Dr. J. M. Bell, FRGS: A Canadian Auxiliary Geographer in New Zealand


  • Michael Roche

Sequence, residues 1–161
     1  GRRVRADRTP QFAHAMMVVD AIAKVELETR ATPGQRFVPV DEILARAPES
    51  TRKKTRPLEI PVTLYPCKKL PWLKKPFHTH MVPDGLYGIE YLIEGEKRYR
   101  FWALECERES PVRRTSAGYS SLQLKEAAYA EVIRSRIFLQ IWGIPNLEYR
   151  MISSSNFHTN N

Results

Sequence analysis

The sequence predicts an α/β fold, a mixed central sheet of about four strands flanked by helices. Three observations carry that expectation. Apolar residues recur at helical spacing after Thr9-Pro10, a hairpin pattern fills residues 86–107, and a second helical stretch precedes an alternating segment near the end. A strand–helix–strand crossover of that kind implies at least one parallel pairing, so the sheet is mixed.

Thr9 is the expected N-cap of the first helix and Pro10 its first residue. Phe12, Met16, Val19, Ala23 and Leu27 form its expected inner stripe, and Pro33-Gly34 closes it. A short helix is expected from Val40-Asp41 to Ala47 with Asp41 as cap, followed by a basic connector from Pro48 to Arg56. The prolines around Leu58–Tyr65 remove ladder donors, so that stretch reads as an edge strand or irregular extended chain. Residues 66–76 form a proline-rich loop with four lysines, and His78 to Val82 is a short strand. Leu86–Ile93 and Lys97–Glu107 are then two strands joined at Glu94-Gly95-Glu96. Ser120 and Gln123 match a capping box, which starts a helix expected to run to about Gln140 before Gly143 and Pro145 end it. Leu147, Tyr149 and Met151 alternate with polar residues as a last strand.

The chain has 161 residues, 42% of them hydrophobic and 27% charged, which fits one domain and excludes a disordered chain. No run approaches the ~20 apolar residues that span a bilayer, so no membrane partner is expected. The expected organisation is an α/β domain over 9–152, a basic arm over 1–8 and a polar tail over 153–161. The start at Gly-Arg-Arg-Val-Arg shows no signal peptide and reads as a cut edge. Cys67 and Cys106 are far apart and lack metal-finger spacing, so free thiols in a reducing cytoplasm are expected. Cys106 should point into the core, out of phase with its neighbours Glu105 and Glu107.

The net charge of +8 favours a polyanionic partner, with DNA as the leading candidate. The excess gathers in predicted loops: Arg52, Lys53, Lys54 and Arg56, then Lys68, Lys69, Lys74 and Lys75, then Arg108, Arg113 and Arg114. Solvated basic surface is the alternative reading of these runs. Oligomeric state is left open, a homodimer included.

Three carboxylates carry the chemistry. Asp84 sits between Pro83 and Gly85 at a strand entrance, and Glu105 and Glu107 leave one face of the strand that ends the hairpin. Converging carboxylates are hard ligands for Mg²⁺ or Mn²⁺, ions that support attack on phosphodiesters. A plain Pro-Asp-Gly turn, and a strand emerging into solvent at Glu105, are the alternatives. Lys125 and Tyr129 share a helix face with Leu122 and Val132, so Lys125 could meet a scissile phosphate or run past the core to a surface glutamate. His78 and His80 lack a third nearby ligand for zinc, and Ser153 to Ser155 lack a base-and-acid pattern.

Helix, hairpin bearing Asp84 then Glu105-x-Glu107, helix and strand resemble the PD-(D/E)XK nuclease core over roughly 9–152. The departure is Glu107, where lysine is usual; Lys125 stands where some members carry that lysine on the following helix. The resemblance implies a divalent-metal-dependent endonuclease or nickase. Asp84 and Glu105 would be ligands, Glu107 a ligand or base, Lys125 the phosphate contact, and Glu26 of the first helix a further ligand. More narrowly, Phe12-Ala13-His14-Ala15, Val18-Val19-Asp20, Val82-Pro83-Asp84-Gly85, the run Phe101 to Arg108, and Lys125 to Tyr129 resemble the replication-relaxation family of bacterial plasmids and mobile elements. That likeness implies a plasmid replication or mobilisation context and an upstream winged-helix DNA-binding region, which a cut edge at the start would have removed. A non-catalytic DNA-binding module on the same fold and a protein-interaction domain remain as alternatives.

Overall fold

Using Hodder’s notion of “biography as method,” this paper examines the geographical endeavours of James Mackintosh Bell, Director of the New Zealand Geological Survey from 1905 to 1911, in New Zealand and Canada. Canadian born, Harvard trained, Bell has a significant place in the history of geology in New Zealand and mining geology in Canada, yet much of his writing was explicitly geographical in orientation. This essay analyses this body of work and its significance and limitations in adding to and disseminating knowledge of the geography of NZ, particularly. Bell credentialed himself geographically as a Fellow of the Royal Geographical Society (FRGS). The FRGS were important builders of geographical knowledge in NZ from the 1850s up to the establishment of university geography in the 1930s when formal geographical research commenced. Geologists were a numerically significant group amongst the NZ FRGS, distinctive in that they held university qualifications, and Bell was particularly wide ranging in his geographical interests.


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